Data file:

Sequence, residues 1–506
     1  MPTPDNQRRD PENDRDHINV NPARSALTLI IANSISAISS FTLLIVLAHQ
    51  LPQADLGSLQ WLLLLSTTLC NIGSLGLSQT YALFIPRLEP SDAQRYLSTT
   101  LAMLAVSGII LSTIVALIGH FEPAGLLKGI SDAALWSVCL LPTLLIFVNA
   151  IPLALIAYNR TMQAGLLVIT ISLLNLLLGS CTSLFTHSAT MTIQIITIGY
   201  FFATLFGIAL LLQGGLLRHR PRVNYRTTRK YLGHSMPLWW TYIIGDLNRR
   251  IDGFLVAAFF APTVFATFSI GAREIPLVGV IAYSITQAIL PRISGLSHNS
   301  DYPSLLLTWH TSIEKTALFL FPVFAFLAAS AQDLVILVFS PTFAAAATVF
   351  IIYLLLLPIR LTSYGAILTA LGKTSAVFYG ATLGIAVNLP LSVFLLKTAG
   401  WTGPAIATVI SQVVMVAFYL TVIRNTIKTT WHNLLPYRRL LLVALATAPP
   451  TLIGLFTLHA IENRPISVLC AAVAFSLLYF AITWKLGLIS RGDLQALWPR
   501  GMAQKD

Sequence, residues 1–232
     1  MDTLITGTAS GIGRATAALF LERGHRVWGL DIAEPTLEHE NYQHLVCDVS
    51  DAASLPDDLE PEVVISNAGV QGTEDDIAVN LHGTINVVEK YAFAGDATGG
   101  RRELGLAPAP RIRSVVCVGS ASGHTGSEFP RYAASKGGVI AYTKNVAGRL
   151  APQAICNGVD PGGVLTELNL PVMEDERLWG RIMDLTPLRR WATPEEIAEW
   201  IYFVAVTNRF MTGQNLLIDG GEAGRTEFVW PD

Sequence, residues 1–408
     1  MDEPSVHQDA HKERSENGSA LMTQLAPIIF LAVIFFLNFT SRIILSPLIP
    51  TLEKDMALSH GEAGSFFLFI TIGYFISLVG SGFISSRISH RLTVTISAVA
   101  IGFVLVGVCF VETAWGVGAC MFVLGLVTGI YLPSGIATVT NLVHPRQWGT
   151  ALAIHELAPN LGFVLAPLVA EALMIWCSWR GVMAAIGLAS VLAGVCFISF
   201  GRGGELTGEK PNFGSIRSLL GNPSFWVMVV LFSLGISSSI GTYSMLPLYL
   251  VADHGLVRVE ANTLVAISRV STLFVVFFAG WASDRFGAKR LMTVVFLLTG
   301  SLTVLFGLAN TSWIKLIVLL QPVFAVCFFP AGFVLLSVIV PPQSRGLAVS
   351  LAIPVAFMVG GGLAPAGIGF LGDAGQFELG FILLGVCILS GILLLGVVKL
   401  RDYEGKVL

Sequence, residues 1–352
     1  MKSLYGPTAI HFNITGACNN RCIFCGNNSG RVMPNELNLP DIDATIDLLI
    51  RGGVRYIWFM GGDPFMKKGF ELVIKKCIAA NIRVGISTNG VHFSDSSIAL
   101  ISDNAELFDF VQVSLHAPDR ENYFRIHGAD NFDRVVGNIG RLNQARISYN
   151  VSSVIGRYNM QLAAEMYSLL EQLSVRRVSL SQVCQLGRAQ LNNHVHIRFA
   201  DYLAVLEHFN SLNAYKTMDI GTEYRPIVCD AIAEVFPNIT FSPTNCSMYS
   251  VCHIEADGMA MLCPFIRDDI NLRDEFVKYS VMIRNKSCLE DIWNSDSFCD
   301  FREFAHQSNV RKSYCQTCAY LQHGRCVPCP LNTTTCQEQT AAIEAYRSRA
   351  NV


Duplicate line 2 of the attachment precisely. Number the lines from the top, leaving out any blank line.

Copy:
     1  MPTPDNQRRD PENDRDHINV NPARSALTLI IANSISAISS FTLLIVLAHQ